Our minds are greater than our bodies can bear. I first encountered this thought during the seventeenth summer of my life, while sitting in the searing heat of the sun, in a classroom with the windows open but not a breath of air. I want to say this mind-body idea is mine because it’s a really great idea, but it’s not, and anyway, which great idea ever truly belongs to you? I bet every thought you’ve ever had has already been thought by someone else. Even the thought that your thought has been thought by someone else has already been thought by someone else.
Anyway, like I said those words aren’t mine: they were from someone we learned about called Byron. What Byron actually said was something about the soul wearing out the breast like a sword ruins its sheath, all metaphorical and that. He was talking about how the mind can drive the body further than the body can handle. All that I understood was that the page in front of me still had only one sentence on it even though I was supposed to have been writing an essay for the past twenty minutes. It wasn’t even a very good sentence. The teacher was walking up and down the room giving me impatient glances and although I had all the thoughts and ideas I would ever need to write a great essay, they all seemed somehow slightly wrong, like a skew picture frame or a puzzle that refused to fit. I just couldn’t get the ideas out: every time I wrote something down it was like the pen crumpled and mangled the thought and what ended up on the page was a sad illogical shadow instead of the clear reflection of my mind that I was looking for.
I could feel the tension rising and in a fit of impulsiveness I scrunched up the paper into a ball and chucked it on the ground. I tore a new sheet off the pad and started over, trying to funnel the luscious world I was imagining through my pen. The funnel ended up being more like a broken sprinkler and I crumpled up another page. How was one tiny piece of paper supposed to hold an entire brain’s imaginings? I heard in science class that the man who invented the light bulb failed a billion times or something; it’s not important. What he said was that doing well is 99% hard work and 1% inspiration. I’m pretty sure I had the 1% inspiration part, but I think I only had about 50% hard work. The writing wasn’t going well: I balled up a few more sheets of paper.
I turned to look out of the window. The air was dead calm outside. The only thing that moved was the shimmering space above the hot paved quad. The shifting mirage made me think of water, and I imagined the time when I was standing high on a rock far above a pool. That was the summer of my sixteenth year, and it was hot. Me and my friends had walked for an hour through the cloying air to reach these rock pools, following a thundering waterfall, and when we arrived we felt like travellers arriving at an oasis. It was so beautiful: the deep green water was churned violently, and the rocks looked climbable and so inviting. We excitedly undressed down to our swimming costumes, and started climbing to the top, preparing to jump.
When we got up there, I felt a nervous twinge in my stomach. I stayed at the top of the waterfall and watched while everyone else ran past, one after the other, and flung themselves from the rocks with wild whoops and screams and far down below, deep splashes. I really wanted to join them, and I stood there for ages, but I couldn’t get myself to do it. It wasn’t that I was scared of water: I could swim well. What scared me wasn’t even the jump, or the height, or the fall. I was scared of that tiny instant at the very peak of your flight that you realise you aren’t going up anymore. The moment just before gravity kicks in, and you start falling. You sit there motionless and weightless: stuck between the freedom of flying and the doom of falling. I often dream of that moment, and I imagine that’s what being dead would feel like. You would be stuck in the middle of nothingness, unmoving and unknowing, a tiny bright speck of a mind or soul or spirit or whatever just hovering for all eternity in the abyss.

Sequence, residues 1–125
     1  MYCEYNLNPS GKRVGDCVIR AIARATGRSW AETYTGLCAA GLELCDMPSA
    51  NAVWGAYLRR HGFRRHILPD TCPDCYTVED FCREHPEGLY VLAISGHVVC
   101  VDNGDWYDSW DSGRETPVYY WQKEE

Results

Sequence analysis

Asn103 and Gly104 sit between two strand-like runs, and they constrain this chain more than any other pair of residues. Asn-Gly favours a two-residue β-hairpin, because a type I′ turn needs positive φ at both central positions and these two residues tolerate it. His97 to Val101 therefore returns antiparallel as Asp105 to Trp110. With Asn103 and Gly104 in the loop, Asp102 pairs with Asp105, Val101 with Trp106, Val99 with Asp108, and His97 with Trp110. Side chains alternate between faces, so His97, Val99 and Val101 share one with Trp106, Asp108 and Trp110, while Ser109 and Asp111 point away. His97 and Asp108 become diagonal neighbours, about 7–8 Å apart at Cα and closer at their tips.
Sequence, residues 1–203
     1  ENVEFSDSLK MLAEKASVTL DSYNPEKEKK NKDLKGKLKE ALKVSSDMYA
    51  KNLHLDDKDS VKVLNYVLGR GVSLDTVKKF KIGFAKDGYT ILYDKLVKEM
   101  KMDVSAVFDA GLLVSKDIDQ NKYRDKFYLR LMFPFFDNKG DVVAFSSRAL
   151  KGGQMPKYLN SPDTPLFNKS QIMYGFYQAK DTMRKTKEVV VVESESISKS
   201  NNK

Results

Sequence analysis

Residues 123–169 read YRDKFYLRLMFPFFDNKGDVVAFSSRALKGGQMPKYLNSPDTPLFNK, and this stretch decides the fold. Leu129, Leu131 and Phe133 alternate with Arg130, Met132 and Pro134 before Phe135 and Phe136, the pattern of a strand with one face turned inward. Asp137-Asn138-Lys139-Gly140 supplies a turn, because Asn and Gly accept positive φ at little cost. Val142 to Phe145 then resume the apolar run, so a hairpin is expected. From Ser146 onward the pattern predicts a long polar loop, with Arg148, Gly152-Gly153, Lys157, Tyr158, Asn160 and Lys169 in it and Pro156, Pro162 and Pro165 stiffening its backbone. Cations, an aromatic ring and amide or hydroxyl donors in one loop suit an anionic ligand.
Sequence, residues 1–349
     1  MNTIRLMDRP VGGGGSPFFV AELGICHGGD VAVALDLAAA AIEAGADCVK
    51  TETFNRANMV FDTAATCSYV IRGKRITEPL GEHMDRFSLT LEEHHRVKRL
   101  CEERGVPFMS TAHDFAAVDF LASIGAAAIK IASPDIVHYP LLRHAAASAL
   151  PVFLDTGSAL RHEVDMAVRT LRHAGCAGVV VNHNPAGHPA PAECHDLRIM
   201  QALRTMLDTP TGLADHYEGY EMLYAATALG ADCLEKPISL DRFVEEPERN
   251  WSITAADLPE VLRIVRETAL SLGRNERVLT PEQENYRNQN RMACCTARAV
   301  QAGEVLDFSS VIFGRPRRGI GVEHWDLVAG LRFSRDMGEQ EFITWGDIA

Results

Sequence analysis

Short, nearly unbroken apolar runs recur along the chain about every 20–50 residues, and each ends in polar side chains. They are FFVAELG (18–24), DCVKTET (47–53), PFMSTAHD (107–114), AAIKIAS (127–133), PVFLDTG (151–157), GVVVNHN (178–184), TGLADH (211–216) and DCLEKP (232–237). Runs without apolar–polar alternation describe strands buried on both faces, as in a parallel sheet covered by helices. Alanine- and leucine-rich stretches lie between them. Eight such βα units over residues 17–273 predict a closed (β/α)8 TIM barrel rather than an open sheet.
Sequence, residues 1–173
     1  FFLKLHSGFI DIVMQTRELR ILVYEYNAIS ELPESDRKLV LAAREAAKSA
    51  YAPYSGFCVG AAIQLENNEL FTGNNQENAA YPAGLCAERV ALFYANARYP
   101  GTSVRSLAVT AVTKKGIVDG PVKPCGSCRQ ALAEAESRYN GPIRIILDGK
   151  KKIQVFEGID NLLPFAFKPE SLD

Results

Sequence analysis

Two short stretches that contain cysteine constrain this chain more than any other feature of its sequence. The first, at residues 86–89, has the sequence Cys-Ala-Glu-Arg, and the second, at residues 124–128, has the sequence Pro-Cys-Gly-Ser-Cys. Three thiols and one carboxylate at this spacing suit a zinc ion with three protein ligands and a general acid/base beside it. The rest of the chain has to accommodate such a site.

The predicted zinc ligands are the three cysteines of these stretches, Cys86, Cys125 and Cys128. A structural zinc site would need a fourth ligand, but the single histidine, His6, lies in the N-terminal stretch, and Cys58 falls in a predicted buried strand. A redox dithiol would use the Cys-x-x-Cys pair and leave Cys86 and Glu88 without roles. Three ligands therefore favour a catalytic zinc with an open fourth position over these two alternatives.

But out of that endless abyss I heard a familiar clanging sound. It echoed. I started up and knocked my pencil case off the desk as I suddenly woke. The world blossomed around me as I opened my eyes and heard the flurry of noise that was people packing bags, meaning the bell had just rung. I looked at my desk and saw an empty page and beyond it, on the floor, my small pyramid of screwed up paper. My face felt rough where it had been lying on the desk, and my cheek felt slightly damp – I think it was drool. Hoping nobody would notice, I quickly wiped it off, grabbed my papers and pushed them into my bag. Embarrassment turned my face red as I stooped to pick up the pencil case and kick the papers under the next desk. The class droned, “Good afternoon sir.” I grabbed my blazer and hurried out of the room, the teacher calling out to me to not forget my essay tomorrow. I said I’d finish it tonight, but I knew that was wishful thinking. No matter how I tried to translate my infinite mind through my finite body and into words on a tiny page, I knew that those great castles that I built with my imagination would end up on the paper sounding like an ancient ruin. Not the adventurous, exciting kind of ruin, but the kind of messy disaster that I never want to think about. It makes me want to rip my page up, and rather take a photograph of what I see in my mind and hand that in instead.